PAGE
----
A good spring for Osmia cornuta

My bee houses have been rewarding me with lots of activity from the Osmia cornuta in the past weeks.  I’m sure they don’t need any help to find hollow nesting places but when they choose my hollow bamboo canes or drilled-out wood I have the pleasure of watching their antics.

The first I know that some bees have hatched is the frantic activity of the males.  This 17 second video gives you an idea of what it looks like.

I admire the tenacity of the males who guard the holes against all comers.  You can get the idea in this 16 second video.

The male can be easily recognised by the little tuft of white hair on his head.  They are around several weeks before the females eventually hatch and then the excitement really mounts.

The mating is not an elegant affair and this pair managed to get stuck in the tube in a sort of impasse where neither was prepared to cede defeat.

I noticed this mating pair under the box and I was surprised by the females stoic non-resistance.  That was until I saw the photograph on the computer and noticed that the male had a firm grip on her wings and back legs.

The male eventually decided to dismount and release her.

The female is a very attractive bee and is larger than the male, which is not uncommon in bees.  She lays her eggs in hollow stems or crevices and supplies the future larvae with pollen for nourishment.  She pushes the pollen firmly in place with the help of two little horns on her head.

The horns are under the antennae and as the horns are black they are difficult to see amongst the black hairs of her head.  They are best seen in a photograph.

Once the females have emerged they begin their frantic search for the perfect hole.  Despite the abundance of choice from our point of view the females have a need to explore.

Eventually one will meet her high requirements and the egg laying and pollen collection will begin.

Pollen collecting is a serious business even if putting it in place can get a bit messy.


21 thoughts on “A good spring for Osmia cornuta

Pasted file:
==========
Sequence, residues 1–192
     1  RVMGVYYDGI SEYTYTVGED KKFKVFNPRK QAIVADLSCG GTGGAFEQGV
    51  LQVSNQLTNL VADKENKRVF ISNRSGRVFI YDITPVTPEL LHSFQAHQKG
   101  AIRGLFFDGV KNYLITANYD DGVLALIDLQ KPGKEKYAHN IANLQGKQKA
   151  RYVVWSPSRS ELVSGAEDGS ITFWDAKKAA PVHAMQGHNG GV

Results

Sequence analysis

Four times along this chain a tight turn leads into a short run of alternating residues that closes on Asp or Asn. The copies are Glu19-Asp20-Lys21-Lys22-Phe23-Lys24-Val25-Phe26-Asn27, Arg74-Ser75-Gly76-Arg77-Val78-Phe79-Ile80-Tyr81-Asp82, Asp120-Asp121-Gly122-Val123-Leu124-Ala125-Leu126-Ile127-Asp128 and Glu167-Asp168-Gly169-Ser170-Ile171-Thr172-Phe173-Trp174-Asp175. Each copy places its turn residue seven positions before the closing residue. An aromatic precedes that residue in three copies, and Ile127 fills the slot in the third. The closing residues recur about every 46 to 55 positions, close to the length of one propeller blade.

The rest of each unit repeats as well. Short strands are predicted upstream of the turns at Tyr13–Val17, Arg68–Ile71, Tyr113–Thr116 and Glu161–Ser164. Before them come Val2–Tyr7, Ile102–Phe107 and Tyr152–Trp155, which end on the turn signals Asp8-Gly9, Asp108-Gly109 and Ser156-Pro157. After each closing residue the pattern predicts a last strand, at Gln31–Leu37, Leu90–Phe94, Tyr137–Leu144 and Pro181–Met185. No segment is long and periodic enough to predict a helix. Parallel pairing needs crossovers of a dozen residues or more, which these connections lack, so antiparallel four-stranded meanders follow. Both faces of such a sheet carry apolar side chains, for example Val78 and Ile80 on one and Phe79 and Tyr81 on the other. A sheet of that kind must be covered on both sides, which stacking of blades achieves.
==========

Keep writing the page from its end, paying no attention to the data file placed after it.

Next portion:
• I have placed a lot of different bee houses around the garden and selected different orientations to test which direction is most popular. They have all been used but it is the ones with the longest hours of full sunlight that are the most popular. Also the bees do not really need our help but it is for us to have the pleasure of watching them. So it is very convenient that they like the sunny sites as it is more pleasant to watch them in the sunshine and easier to get good photographs for a record. Amelia


  1. Our granddaughters built a bug hotel for the garden last year. I haven’t yet seen bees using the bamboo canes, a bumble bee used one of the bird nest boxes. Do you know if we have that spieces of bee in the U.K.. I have seen masonry and leaf cutter bees.


    • You don’t get Osmia cornuta in the U.K. but soon, we will both be seeing a very similar one – Osmia bicornis. You may well have/get that one in the bug hotel and also the leaf cutters later. It is nice to have the bumble bees in a nest box. Mine have been in the soil (B. terrestris) and in our stone walls (B. lapidarius). Amelia


  2. Very interesting and lovely pictures, the Osmia bicornis here are still some weeks away from emerging. I have been experiencing some problems with bee hotels, they get serious attacks of mites and I am beginning to think that new tubes are needed quite often. Have you experienced any problems?


    • I have not changed my tubes and I have left the same holes in the wood. I have not seen mites on the Osmia. I have seen very suspicious flies around the boxes this year but then I saw two lizards on a box with flies. That made me think the lizards could be keeping them clean and not just be pests that knock out the tubes. There are mites in bumble bee nests that only feed on the nest debris. It is very difficult to tell what damage the mites are doing. Amelia


  3. Your bee hotel is so attractive. you’ve inspired me Amelia; I know there are lots of bees who find nesting places in the garden but you’re right it would be lovely to be able to watch their antics.


  4. That looks a very promising start to the spring, Amelia. We’ve returned from a trip to find one housefly poking around the tubes, sneering (as far as I can make out). Any bee of any kind would be welcome right now… RH


  5. Pingback: March in the garden | a french garden

  6. Pingback: First female of the season – Bees in a French Garden

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